These photographs were taken on Tuesday September 11th, 2001 between the hours of approximately one o’clock and three o’clock in the afternoon at the east end of the Williamsburg Bridge. The people in the photographs had all walked from Manhattan to Brooklyn.

Sitting at home by myself, staring out the window at the smoke cloud where the towers had stood, watching the people evacuate lower Manhattan on foot across the bridge, listening to the uncertain and horrifying news coming out of the television was making my skin crawl.

Maybe making some pictures would help? There was nothing else for me to do and I had nothing to lose. I decided to photograph people.

That day caught me at home with only two rolls of film for my portrait camera, allowing a total of forty-eight pictures. I chose to risk one frame per person. As people stepped off the bridge I asked them, at random more or less, if they would let me take their picture. The majority said yes, without any fuss.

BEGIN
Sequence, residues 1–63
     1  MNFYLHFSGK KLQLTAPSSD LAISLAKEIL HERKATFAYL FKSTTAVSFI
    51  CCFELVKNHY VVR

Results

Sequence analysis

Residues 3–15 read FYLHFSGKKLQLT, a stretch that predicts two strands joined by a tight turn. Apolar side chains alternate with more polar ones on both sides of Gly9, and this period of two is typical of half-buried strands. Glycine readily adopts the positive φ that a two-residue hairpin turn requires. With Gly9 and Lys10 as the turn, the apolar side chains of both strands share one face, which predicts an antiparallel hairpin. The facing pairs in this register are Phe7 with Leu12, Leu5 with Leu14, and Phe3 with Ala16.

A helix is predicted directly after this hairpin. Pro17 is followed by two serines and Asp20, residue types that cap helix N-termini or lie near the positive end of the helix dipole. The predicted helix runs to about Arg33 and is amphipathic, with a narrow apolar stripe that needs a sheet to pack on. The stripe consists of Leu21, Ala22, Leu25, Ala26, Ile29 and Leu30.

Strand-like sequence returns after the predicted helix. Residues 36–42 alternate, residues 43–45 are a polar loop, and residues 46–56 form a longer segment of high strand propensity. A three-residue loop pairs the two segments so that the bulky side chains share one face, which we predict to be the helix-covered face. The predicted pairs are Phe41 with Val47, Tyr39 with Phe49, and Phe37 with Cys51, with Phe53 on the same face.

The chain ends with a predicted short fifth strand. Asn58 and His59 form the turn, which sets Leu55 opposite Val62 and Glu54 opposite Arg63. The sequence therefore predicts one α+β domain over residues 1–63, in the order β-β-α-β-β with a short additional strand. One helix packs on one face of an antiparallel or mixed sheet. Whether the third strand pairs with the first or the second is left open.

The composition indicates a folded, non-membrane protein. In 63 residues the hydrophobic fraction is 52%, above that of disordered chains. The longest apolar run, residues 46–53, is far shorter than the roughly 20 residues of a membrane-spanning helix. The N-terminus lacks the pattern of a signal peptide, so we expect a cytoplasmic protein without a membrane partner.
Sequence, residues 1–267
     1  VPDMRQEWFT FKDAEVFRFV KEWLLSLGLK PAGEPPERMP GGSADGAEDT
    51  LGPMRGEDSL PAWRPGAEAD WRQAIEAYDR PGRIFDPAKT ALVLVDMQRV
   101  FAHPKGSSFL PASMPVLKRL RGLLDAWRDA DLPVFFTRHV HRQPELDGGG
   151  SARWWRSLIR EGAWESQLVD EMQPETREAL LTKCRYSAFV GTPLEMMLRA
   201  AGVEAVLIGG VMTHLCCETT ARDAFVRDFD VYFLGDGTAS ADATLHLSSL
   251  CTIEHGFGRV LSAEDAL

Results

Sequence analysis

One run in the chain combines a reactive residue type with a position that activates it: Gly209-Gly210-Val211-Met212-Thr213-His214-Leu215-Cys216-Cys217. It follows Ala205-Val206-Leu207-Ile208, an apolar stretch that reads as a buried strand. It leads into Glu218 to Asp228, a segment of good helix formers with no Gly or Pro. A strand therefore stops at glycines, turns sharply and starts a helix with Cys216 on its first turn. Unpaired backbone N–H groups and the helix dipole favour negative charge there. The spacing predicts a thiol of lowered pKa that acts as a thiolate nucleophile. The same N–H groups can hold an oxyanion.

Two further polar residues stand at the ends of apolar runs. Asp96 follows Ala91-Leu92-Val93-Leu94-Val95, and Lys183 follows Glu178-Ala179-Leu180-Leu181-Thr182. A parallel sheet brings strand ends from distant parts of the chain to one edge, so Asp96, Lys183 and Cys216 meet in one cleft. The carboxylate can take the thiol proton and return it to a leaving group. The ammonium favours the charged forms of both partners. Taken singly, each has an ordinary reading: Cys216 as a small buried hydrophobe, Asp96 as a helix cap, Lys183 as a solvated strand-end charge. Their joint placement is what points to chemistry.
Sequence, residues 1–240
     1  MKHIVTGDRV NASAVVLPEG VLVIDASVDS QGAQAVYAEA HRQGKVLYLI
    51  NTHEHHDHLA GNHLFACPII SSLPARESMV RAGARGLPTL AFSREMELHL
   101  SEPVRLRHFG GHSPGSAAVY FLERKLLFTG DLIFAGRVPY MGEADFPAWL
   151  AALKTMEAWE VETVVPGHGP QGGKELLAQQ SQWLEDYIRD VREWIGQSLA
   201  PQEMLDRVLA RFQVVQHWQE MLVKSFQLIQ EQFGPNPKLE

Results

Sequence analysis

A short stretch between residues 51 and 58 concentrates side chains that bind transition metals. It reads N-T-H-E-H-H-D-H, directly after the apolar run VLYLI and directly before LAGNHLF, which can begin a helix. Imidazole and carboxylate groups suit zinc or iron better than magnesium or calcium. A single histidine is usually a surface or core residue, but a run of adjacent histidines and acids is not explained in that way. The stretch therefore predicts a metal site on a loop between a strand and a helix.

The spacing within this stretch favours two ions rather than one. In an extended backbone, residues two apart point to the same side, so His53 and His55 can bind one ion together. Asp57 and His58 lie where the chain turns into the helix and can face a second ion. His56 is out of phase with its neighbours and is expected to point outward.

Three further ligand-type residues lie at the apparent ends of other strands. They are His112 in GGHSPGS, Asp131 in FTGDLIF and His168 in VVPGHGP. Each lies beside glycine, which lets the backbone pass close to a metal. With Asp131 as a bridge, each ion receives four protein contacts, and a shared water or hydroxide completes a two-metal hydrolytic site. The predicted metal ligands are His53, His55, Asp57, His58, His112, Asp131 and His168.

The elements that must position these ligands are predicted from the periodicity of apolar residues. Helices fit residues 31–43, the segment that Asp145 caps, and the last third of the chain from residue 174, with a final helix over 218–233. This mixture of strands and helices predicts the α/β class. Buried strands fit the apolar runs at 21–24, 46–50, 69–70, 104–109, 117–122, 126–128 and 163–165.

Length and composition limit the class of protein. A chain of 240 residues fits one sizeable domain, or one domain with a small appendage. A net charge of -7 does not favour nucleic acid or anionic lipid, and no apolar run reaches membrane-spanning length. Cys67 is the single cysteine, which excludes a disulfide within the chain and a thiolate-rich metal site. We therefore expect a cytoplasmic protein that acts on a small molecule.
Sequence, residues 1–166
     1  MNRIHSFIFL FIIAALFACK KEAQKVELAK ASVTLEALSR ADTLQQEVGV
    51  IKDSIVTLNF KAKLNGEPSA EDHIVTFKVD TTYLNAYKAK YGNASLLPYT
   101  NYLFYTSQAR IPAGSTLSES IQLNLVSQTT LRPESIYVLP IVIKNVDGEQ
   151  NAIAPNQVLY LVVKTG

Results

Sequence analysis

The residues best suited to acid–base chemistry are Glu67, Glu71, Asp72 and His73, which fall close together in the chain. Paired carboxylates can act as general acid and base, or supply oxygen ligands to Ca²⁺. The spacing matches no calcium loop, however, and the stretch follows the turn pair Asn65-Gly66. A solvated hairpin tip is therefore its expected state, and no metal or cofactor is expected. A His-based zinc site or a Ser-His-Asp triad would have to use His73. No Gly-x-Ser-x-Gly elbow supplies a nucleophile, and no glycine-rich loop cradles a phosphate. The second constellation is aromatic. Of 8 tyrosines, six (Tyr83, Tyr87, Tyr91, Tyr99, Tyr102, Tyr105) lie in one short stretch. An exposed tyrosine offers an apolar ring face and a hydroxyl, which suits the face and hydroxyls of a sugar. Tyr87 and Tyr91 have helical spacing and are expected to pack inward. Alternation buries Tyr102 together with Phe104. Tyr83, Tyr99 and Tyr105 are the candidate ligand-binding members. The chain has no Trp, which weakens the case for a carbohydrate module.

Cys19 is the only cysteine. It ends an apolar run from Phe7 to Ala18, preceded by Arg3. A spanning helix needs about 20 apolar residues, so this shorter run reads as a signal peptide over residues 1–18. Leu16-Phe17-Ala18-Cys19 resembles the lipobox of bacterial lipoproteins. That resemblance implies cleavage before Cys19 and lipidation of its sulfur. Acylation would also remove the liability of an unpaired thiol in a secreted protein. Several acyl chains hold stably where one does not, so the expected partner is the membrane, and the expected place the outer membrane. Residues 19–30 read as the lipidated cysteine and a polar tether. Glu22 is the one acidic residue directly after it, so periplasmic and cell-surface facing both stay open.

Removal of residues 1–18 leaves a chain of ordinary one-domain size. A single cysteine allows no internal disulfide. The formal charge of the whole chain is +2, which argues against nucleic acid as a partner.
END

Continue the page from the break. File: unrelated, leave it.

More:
After I processed the film I saw that two frames were defective, which gave me a total of forty-six printable negatives: twenty-three men and twenty-three women. One of the women had carried her three-month-old baby with her.

The violent tragedy caused most people, including myself, to take stock of the experience of living in New York, in America. What I might have known on the tenth of September acquired a new meaning by mid-morning of the eleventh. The lasting realization I faced that day was amazement at the utterly unique variety of individuals from different cultures and ethnicities that live and work together in the city.

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